Peranbu : Ram’s Gift To Mammooty, And Us.

Peranbu has been in the news for a while now. In the days leading up to the release of the film, what I came across mostly in my news feed on social media platforms were the rave reviews the lead actor’s performance had garnered in festival circuits and more recently the responses of his peers from the industry after the premiere. Media houses  these days have little option but to sing to the tune that the social media crowd plays, to keep their business afloat, and were no different in their coverage. It’s all good. But, to an average Malayali filmgoer, it’s nothing but overkill. I mean do we really need a revalidation of the skills of an actor who has delivered in films ranging from Thaniyavarthanam to Vidheyan to Rajamanikyam ? Yes, Mammooty  hasn’t had the best of times at the box office of late but that’s pretty much like Sachin going out to bat for the Indian cricket team of the late 90s, if you ask me. Sachin hits a century but the match is lost because his team lets him down. While the filmmakers closer to home are content with dressing Mammooty up and celebrating his sunglasses, Ram has made a film where this actor unparalleled gets to do what he does best, act his heart out that is.  Peranbu is what Mammooty the actor deserves and maybe even desires too. And believe me when I tell you that Mammooty does his best dance performance ever in a film too, in Peranbu.

You are in for a surprise if you thought that this was just another sob story about a parent and a differently abled child. Yes, there are intense emotions that will leave you disturbed, but there’s laughter too. Ram has used a unique narrative arc here to tell his tale. To draw an analogy it’s pretty much like being invited by someone into his home where he makes you comfortable, serves you tea, then knocks you on your head with a club and puts an icepack on it himself right before he sees you out. No, I’m not saying that Ram would be a psychotic sadist if he wasn’t making films, no. Narrated in a dozen chapters or so by Mammooty himself, Ram attributes different moods of nature to each of these chapters. The first half of the film is set in the woods. Beautifully shot, it’s up there with some of the best works in contemporary cinema, in terms of cinematography. The camera compliments not just the script, but the actors too in a process that is as organic as it gets. It’s masterful filmmaking by Ram here, when he gradually immerses the viewer into the landscape and the story being told. Aiding him in the task is a Yuvan Shankar Raja in fine form.  One of those rarest of rare cinematic experiences if you ask me. The second half of the film is set in a jungle of a different kind and one we are most familiar with, concrete. The mood of the tale shifts here too. The film doesn’t judge any of its characters, much like its main protagonist, Amudhavan. He is far from perfect and after having failed as a father and a husband, he is doing penance by trying to be a good father to his daughter. He forgives everyone, even the ones who have done him wrong. Though Ram addresses issues that have never been discussed in any public domain, let alone cinema, what he demands from his viewers ultimately is a reflection into their own lives, through Amudhavans eyes and experiences, as an individual and as a parent. Ram doesn’t have all the answers  to the questions he raises here, he merely suggests that compassion, Peranbu is all that our fellow beings need from us to cope with the greatest of tragedies.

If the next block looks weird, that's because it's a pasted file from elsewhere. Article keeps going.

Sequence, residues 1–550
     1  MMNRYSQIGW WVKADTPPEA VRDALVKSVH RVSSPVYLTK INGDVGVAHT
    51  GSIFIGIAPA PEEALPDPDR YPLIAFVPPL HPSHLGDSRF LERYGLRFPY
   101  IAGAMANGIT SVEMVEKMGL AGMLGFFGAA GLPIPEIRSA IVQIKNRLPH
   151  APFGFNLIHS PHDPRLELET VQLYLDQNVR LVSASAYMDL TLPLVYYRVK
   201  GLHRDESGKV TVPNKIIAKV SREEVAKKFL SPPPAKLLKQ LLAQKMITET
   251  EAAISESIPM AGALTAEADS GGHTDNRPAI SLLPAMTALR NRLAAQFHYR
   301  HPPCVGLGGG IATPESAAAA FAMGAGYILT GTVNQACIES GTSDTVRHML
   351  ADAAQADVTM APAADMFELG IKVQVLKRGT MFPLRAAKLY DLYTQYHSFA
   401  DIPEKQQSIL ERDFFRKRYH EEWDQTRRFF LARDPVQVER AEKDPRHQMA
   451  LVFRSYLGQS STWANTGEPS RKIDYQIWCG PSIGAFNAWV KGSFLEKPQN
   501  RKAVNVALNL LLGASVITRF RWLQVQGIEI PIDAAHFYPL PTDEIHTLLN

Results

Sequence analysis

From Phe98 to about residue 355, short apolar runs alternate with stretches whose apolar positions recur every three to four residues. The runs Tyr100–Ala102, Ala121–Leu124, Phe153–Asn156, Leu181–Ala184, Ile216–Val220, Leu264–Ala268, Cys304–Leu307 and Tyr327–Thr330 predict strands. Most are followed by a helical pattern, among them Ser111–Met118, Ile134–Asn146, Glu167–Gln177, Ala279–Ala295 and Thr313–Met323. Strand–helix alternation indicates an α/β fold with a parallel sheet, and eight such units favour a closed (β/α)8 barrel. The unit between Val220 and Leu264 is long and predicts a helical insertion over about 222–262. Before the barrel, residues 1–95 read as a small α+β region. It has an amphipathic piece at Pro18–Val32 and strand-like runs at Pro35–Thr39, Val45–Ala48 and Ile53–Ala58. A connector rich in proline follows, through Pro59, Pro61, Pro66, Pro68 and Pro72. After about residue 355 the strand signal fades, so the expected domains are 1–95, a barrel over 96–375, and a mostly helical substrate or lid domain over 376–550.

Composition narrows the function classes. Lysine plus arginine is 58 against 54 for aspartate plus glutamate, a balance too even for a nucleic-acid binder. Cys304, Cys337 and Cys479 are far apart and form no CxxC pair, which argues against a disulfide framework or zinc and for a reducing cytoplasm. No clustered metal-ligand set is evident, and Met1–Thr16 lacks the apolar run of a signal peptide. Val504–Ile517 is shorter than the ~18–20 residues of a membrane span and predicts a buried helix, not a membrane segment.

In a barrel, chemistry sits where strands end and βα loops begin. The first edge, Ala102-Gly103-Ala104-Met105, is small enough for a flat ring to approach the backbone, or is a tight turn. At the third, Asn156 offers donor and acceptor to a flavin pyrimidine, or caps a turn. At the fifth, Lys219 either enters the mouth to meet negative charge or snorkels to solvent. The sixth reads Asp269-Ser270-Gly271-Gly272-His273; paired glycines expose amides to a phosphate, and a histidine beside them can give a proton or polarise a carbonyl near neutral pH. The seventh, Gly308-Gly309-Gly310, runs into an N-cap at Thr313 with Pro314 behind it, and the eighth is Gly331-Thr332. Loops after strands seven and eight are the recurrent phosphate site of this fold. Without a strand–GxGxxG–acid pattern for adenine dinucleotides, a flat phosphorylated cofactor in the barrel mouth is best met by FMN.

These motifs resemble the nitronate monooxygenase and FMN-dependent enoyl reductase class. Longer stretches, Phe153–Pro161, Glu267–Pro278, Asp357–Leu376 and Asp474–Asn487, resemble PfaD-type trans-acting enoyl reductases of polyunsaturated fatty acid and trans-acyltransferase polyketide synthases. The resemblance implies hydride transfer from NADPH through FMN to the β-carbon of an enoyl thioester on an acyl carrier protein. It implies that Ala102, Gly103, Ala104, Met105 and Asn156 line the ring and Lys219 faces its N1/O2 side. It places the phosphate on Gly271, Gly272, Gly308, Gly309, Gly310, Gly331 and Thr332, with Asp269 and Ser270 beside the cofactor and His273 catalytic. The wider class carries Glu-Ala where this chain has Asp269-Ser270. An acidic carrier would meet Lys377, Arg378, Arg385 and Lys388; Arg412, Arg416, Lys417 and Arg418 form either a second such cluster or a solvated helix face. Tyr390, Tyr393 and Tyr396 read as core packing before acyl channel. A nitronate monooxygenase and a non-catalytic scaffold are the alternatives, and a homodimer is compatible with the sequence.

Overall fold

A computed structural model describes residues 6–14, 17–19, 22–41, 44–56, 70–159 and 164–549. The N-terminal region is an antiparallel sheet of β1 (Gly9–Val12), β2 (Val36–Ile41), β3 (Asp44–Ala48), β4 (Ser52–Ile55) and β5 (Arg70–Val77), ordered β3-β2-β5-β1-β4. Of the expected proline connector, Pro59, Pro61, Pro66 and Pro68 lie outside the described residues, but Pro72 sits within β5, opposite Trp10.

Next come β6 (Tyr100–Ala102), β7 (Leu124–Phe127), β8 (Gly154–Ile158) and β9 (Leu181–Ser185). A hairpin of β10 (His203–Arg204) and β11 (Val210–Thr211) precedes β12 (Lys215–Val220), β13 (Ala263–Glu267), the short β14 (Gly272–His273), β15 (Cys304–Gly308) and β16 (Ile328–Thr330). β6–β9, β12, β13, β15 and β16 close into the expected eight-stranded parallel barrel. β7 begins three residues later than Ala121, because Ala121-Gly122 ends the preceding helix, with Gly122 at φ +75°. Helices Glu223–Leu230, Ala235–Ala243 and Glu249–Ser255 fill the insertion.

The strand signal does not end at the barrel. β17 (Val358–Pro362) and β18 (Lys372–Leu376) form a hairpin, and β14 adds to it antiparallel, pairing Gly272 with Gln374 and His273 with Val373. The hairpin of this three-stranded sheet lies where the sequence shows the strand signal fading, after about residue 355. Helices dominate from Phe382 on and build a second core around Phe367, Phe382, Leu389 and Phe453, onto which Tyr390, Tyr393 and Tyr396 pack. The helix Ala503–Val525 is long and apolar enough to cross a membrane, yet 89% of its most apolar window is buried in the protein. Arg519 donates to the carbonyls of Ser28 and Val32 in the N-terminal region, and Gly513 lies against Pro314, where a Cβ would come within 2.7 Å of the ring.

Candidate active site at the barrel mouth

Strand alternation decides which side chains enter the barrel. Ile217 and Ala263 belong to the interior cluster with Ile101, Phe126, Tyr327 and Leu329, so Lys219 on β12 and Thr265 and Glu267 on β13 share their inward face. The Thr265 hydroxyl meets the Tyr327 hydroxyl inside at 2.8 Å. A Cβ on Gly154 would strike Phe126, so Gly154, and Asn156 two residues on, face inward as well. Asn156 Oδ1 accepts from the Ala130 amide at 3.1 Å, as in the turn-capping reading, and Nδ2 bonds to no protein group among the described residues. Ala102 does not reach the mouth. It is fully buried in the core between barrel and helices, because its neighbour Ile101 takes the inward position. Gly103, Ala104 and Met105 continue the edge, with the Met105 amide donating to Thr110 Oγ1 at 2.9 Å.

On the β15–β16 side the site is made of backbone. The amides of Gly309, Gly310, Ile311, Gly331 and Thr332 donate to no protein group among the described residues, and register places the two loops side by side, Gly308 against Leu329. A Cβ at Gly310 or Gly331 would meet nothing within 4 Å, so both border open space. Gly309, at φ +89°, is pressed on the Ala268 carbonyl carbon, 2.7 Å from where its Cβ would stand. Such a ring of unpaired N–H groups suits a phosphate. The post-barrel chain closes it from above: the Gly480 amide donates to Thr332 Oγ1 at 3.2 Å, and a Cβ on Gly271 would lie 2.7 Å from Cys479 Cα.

More than his acting chops, it’s Mammooty’s decision to be part of Peranbu and the willingness to play Amudhavan as Ram dictated, unconditionally that deserves to be lauded I feel. In a scene, which I percieved was a single shot, he proves again why he is one of the best actors to have ever graced the screen. In another brief scene which would otherwise be insignificant, when a family alights from the taxi he drives, Mammooty conveys the whole crux of the film with just his expressions. Because it’s Ram, who conceived that scene and trusted Mammooty to deliver it exactly as he envisioned it as a director and writer, that we can safely say that Peranbu is first a Ram film and then a Mamooty film. But I couldn’t but help notice that maybe the film ended a bit too hastily considering the slow burner approach for most parts. The pace of the proceedings are perfectly  in sync with the mood of the story being told. I’m indeed speculating wildly when I say that the festival circuit cut was maybe a different one, especially towards the end. Sadhana, who plays Paapa has the most challenging role here, considering the fact that the portrayal would be subjected to much scrutiny. If a reference must be made, it’s Rani Mukherjee’s performance in Black, I’d say. Anjali makes an impression in a brief role as one of the women in Amudhavan’s life. Another significant addition to the cast is Anjali Ameer, a transgender actor who plays a prostitute in the film. Anjali Ameer excels in this niche role but it remains to be seen how  the industry welcomes her. Not every filmmaker is Ram and not every film is Peranbu. At the end of the day, that’s what we lack as a society the most, compassion and Ram holds a perfect mirror to it in this landmark film that will haunt us for long.